WITH HIS cocksure attitude and wild-child driving style, Kyle Busch hasn't exactly won the affections of NASCAR fans—the 23-year-old Las Vegas native still draws the most boos at every track—but that's about the only thing he hasn't won lately.
With seven races remaining before the Chase for the Sprint Cup starts, Busch leads the series in victories (seven) and top five finishes (12) and holds a 262-point lead in the standings over Dale Earnhardt Jr. What's more, Busch and his number 18 Toyota will start the Chase with a sizable lead (perhaps as many as 70 points) by virtue of the 10 bonus points a driver earns for each regular-season victory.
"He's going to be tough to beat regardless of whether he has those points," says Carl Edwards. "But if you give him a head start, that's not good."
As the series heads to Indianapolis for Sunday's AllState 400 at the Brickyard, it's time to ask whether anyone can catch Busch. Here are the three drivers with the best chance.
On July 12 at Chicagoland Speedway, Johnson passed Busch for the lead with 16 laps left in the LifeLock.com 400. Finally Johnson, the two-time defending champion, had shown that he could outrun Busch. But with two to go, Busch snookered Johnson on a restart, passing him on the high line of the track and then blocking him as Busch won for the third time in four races.
Johnson, who's fifth in the standings, was disgusted afterward. An inspection of his lap times shows that he had the fastest car in the field that night. His times were also consistently faster than Busch's at Charlotte on May 25, at Dover on June 1, at Michigan on June 15 and at Daytona on July 5. "We've been running better than the 18 team for the last few weeks, but the results don't necessarily show that because of some bad luck," says Chad Knaus, Johnson's crew chief. "We're not as strong as we were last year, but we're getting there. And Jimmie learned a few things [at Chicagoland] against Kyle, and that's ultimately going to help us win the championship."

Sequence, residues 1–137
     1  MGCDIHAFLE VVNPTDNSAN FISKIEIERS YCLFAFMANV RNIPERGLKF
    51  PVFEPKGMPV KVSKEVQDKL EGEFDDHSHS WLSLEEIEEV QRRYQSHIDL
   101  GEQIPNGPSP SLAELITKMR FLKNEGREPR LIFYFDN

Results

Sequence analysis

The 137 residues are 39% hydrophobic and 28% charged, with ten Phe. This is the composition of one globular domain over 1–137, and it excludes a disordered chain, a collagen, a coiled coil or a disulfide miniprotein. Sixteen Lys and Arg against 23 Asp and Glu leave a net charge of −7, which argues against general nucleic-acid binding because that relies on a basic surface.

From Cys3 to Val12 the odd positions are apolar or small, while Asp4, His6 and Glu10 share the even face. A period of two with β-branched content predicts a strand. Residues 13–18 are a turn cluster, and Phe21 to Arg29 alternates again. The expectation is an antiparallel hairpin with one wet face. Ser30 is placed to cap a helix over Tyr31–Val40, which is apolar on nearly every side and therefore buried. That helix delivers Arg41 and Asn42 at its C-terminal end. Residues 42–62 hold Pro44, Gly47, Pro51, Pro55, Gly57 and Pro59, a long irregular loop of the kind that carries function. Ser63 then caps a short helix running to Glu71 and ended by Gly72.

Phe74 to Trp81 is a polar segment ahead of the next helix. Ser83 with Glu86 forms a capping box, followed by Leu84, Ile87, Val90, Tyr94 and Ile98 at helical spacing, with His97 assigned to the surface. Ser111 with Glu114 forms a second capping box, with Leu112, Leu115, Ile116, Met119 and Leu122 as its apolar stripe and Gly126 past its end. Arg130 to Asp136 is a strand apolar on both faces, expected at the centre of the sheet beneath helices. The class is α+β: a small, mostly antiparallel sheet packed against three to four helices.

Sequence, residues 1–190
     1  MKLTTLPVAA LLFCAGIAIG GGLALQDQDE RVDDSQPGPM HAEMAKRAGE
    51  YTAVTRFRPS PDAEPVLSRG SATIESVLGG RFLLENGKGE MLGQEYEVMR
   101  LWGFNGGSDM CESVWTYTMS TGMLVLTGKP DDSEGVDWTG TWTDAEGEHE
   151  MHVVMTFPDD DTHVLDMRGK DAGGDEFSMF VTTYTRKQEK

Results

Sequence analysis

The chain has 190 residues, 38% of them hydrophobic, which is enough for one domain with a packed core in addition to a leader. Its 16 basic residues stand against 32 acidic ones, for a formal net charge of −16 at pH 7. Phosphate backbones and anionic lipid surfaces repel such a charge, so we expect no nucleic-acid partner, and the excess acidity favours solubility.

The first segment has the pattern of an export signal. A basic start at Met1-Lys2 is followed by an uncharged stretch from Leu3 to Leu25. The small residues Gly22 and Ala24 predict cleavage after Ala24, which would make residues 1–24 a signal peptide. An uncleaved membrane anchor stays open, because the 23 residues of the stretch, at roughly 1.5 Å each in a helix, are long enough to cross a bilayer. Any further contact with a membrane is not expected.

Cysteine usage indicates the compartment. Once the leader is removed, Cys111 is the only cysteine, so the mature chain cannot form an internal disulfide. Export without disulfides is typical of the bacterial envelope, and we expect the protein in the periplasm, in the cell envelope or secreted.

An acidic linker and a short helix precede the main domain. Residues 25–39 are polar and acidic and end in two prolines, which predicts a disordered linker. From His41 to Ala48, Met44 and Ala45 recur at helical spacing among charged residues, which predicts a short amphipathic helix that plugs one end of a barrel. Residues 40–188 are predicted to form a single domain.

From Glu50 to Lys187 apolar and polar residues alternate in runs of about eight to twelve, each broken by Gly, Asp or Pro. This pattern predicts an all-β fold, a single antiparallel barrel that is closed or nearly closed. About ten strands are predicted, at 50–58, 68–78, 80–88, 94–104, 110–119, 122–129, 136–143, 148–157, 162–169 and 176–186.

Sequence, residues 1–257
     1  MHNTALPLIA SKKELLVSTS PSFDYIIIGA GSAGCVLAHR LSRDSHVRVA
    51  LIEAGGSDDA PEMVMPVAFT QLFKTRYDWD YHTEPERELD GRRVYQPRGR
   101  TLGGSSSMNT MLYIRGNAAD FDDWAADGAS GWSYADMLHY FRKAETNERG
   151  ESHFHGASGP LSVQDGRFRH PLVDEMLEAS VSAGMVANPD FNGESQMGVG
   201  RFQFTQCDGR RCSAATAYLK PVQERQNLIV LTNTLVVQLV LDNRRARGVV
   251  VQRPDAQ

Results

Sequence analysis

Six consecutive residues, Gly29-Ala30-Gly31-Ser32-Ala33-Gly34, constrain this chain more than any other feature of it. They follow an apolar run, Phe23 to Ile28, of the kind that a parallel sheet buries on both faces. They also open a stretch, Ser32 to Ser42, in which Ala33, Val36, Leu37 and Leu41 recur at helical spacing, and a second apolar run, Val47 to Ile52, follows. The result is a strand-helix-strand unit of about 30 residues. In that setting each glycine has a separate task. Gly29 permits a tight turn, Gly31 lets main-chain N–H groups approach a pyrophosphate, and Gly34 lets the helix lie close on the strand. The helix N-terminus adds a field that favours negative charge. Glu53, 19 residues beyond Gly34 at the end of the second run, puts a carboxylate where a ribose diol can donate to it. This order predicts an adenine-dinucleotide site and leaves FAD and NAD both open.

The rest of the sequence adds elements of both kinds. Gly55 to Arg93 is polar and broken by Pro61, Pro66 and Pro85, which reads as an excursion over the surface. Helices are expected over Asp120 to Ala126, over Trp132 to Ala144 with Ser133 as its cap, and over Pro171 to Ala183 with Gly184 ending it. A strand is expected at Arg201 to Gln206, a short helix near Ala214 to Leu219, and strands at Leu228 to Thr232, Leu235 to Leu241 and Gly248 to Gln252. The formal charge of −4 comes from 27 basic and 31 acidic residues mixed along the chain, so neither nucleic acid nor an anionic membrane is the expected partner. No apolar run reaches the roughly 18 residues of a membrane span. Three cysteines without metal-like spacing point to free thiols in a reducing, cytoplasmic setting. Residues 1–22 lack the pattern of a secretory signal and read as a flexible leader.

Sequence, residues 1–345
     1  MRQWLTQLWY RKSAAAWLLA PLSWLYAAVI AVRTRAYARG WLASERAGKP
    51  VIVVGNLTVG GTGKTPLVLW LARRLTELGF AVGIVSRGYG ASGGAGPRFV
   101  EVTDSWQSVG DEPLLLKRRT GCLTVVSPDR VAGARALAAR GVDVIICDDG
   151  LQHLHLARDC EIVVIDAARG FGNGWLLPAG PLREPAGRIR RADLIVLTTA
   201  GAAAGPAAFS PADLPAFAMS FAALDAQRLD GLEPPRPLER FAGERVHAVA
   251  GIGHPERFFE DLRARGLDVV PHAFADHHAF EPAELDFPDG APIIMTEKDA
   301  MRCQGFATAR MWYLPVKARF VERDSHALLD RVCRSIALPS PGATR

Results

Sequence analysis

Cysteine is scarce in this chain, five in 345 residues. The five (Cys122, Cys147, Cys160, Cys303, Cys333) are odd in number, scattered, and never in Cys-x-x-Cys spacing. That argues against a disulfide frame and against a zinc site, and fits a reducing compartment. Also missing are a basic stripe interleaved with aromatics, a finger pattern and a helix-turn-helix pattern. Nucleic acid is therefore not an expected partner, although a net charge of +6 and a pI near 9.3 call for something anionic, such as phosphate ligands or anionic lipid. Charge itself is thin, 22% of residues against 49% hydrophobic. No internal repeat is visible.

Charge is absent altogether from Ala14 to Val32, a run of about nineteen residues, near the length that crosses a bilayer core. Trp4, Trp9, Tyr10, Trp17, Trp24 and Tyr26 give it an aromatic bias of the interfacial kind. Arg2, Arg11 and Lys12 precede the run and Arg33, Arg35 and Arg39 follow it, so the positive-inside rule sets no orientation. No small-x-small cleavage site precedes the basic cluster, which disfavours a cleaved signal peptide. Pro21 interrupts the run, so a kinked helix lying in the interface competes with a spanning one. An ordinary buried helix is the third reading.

Dale Earnhardt Jr.
Only Busch has been more consistent than Little E, who already has as many top 10s (12) as he did in all of 2007. Earnhardt's strategy for the Chase appears clear: Try to tally as many top fives and top 10s as possible and hope that Busch suffers a points-sapping 30th place or worse finish due to accident or mechanical failure. Says Tony Eury Jr., Earnhardt's crew chief, "I'll take top fives all day if they win us a championship, and I think they can."
Early in the season Edwards reached Victory Lane three times, but he has been quiet since, failing to win since April. He's fourth in the standings, but he can't be counted out of the postseason because his specialty is the 1.5-mile track, the setup in five of the 10 Chase races. Edwards's last two wins came at that distance.
That being said, the Cup is still Busch's to lose. He has won on every type of track, going back to early spring, and shows no signs of slowing. Cue the boo birds.
ONLY AT SI.COM Lars Anderson's Cup analysis and Mark Beech's Racing Fan.
With four months still to go this season, three big-name drivers are already looking forward to 2009, when they'll be changing teams. Tony Stewart is leaving Joe Gibbs Racing for Haas CNC Racing, which will make him NASCAR's highest-paid driver and co-owner of the newly named Stewart-Haas Racing. He'll likely struggle in '09—Stewart-Haas will resemble a start-up—but the offer was too good to pass up. Ryan Newman is also moving on after nine seasons with Penske Racing. Since winning the Daytona 500 in February, Newman has fallen from first to 16th in the standings, and a change of scenery was needed. He's rumored to be headed to Stewart-Haas as well. And Casey Mears is expected to sign with Richard Childress Racing. He's winless and 24th in points for Hendrick Motorsports and has been a major disappointment there. If he lands at Childress, the 30-year-old Mears will have one season to prove that he belongs at the Cup level.
SAM SHARPE (CAR)
TOP TEAM With seven wins already in 2008, Busch (inset, below) will have an edge heading into the Chase.
[See caption above]